Like Thomas Hardy, her favorite fellow poet, Charlotte Mew's father was an architect. When she was born in 1869 Fred Mew had become the junior partner in the firm of Henry Edward Kendall, Junior. The Kendall firm, under the direction of the first H.E. Kendall, was responsible for building or remodeling the houses of the Earls of Bristol, Egremont, and Hardwicke, as well as many churches, prisons, workhouses and castles in the Gothic manner ("Henry Edward Kendall, Architect" 33). Unlike Hardy, both Kendalls were considered gentlemen, so when Fred Mew, the son of an Isle of Wight innkeeper, married the daughter of Kendall junior, Anna Maria Marden Kendall, in 1863, he was expected to transform himself into a gentleman for the sake of his wife's expectations. The young Mews took a good address at No. 30 Doughty Street, W.C.1, which overlooked Mecklenburgh Square, to be close to Anna Maria's parents, who resided in the much more superior Brunswick Square. Like Hardy, Fred Mew was a good jobbing architect. His father-in-law, a busy, successful builder and designer of private homes, Ecclesiastical and Board Schools, and County Lunatic Asylums for Essex, Sussex, and Dorset, and the district surveyor of Hampstead, needed a confidant and helpmate. Both Kendall's own son, Edward Herne, and a nephew had been articled but never finished their training and never practiced ("The Late Mr. Henry Edward Kendall, Architect" 883-84, Fitzgerald 13-14). Kendall's sister had married Lewis Cubitt, a pupil of her father's and one of three brothers who all became notable Victorian builders. Lewis Cubitt designed King's Cross Station, which, when it was completed in the mid-1850s, was the last station complex designed entirely by one man (Metcalfe 70). However, the firm of William and Lewis Cubitt still was not as successful as the royally sanctioned architectural firm of the third brother, Thomas Cubitt. The Cubitt connection conferred status on the Kendalls and the Mews. So, as was the case in many petite bourgeoisie Victorian homes, the women harbored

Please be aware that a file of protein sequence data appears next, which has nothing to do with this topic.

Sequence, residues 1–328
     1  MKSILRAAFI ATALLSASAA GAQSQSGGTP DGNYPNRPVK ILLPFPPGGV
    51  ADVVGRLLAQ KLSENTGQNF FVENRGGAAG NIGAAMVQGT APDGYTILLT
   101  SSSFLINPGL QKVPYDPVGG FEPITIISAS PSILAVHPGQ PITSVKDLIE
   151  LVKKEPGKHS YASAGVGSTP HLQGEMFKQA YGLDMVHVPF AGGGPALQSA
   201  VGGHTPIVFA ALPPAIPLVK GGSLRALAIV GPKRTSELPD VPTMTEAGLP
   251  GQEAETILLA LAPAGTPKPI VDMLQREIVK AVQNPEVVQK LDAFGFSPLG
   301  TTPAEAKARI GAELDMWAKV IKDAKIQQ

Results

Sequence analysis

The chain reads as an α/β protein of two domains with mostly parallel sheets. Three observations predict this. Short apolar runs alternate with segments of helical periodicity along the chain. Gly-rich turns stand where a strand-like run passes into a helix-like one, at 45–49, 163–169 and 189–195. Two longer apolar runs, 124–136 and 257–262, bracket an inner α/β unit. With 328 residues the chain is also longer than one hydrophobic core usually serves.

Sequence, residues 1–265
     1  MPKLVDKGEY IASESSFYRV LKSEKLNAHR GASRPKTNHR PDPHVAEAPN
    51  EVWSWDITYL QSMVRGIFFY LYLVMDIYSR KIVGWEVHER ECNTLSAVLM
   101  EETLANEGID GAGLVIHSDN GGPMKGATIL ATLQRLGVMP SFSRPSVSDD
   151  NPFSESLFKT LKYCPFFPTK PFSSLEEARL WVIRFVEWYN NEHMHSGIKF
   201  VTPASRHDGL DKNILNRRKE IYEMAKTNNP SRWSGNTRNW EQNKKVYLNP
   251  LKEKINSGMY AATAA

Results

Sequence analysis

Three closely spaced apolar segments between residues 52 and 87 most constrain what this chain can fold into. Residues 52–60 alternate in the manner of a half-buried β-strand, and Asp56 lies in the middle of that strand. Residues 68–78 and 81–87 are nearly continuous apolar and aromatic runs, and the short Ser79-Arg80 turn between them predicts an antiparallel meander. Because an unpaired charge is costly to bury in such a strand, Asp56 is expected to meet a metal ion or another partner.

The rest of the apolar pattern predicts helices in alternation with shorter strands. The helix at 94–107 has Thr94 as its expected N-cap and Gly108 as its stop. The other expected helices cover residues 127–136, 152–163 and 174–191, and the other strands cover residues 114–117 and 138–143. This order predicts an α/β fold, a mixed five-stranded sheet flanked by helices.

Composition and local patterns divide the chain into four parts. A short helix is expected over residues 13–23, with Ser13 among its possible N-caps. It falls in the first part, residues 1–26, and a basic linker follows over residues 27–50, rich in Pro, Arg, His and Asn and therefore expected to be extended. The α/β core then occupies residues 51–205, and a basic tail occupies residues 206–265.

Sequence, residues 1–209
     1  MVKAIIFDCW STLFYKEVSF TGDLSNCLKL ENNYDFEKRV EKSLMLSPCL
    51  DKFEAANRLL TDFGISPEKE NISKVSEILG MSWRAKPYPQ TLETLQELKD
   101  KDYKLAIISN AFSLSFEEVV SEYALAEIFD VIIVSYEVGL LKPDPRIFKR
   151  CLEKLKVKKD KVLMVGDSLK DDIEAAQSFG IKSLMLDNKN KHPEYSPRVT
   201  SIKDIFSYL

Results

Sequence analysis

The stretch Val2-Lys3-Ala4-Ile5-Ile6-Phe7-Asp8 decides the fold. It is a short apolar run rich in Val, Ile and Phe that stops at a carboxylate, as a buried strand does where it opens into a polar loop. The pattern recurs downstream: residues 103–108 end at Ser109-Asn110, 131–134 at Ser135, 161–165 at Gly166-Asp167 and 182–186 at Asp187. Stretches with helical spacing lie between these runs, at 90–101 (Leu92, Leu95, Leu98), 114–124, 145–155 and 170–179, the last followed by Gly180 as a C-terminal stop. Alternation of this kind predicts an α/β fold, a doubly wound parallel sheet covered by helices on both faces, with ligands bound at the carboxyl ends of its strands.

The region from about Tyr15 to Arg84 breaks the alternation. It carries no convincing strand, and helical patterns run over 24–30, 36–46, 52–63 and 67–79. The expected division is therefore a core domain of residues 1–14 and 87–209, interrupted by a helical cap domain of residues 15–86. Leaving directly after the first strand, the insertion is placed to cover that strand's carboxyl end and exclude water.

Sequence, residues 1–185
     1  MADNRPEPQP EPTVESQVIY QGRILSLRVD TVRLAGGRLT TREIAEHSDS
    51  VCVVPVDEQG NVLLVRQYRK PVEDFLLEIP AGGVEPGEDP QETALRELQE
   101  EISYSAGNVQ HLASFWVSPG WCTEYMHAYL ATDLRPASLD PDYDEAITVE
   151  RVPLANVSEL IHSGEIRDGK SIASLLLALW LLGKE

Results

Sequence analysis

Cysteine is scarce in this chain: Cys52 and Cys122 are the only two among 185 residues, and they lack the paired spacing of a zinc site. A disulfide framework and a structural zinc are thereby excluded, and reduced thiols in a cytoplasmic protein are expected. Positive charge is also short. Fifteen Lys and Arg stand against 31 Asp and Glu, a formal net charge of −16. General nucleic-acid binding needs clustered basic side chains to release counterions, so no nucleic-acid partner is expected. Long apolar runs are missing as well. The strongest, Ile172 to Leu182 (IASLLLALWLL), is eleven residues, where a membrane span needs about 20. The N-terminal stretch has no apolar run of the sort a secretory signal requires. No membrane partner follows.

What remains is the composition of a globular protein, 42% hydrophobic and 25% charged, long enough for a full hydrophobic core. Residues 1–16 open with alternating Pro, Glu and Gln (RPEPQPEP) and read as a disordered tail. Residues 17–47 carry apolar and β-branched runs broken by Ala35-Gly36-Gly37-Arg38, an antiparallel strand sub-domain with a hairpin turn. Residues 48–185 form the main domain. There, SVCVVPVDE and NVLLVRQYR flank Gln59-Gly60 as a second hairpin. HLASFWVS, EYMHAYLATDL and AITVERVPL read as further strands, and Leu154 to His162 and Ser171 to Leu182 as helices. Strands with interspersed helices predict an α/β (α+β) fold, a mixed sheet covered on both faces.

great expectations of the country-bred in-comer, Fred Mew. He was to rise and prosper. But Fred Mew stubbornly refused to do so. Perhaps, like Hardy's, his heart was not in designing and building. The evidence is clear.